In today's online edition of the Daily Telegraph (UK), there is a headline and leader in the sports section which says:
It was technically correct, though if you didn't know the actual results of the F1 race in Istanbul, you'd think that Alonso had won it. What actually happened was that Hamilton was running third, behind the Ferraris of Massa and Raikkonen when 15 laps from the end his right front tyre ripped. Alonso at the time was fourth, and overtook Hamilton as he was limping back to the pits. Anyhow, the point is that what gets chosen to be reported isn't usually what happened. In fact, in my personal experience, what gets reported is almost NEVER what actually happened.
Fernando Alonso beat Lewis Hamilton in the Turkish GP after Briton's puncture.
Take the article in the New Sunday Times (Malaysia), dated 26 August 2007, with the headline as so:
The article leads by the following two paragraphs:
KUALA LUMPUR: The Open XML document software has been recognised by the private sector and endorsed by Prime Minister Datuk Seri Abdullah Ahmad Badawi.
Despite this, the Science, Technology and Innovation Ministry appears to be dragging its feet over an application to support the award of ISO 9001:2000 standard for the Open XML.
I have to say that this beats the pride I felt over the inclusion of Malaysia as one of the five pilot nations for the Windows Genuine Advantage program. Our esteemed Prime Minister has endorsed a file format. Let me repeat that again for posterity: Our esteemed Prime Minister has endorsed a file format. And this was reported in a Sunday paper, on page 16. Was it a trade rag? Was it in the "IT" section? Noooo! It was the NST. In between reading about bus crashes and retrospectives as we head towards our 50th year of independence ... we get a criticism of MOSTI not supporting Microsoft's Office Open XML file format.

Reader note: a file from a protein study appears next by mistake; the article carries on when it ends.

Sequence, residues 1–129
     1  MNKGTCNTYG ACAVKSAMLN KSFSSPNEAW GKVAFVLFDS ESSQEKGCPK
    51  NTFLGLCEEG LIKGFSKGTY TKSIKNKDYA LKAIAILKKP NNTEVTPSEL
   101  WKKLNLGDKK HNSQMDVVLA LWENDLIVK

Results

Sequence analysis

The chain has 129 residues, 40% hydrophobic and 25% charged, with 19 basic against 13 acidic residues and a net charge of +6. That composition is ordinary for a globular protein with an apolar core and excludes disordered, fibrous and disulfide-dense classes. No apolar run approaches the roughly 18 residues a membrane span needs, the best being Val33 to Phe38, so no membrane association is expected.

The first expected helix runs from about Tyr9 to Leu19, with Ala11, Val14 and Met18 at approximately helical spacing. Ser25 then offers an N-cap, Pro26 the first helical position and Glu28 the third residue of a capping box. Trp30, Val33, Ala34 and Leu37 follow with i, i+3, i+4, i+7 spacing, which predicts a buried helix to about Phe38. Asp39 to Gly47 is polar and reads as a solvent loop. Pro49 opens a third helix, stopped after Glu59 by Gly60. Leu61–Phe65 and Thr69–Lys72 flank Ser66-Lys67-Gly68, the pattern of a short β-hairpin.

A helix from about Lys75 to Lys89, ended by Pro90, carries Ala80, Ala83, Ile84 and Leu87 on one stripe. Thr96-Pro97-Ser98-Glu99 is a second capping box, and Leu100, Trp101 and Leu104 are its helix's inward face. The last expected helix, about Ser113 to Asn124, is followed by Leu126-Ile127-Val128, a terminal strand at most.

But, did the Prime Minister actually endorse a file format? Did he actually spend the time to sit through 6039 pages of technical specifications and proclaim, "I have seen it, and it is good"? Or was it a remarkable leap of logic on the part of the reporter?
I accept that the first thing to be thrown out of the window in arguments like this little ODF/OOXML tiff is the truth. But dragging the PM into this is a bit too low, don't you think? I think I shall write to him, and ask for clarification.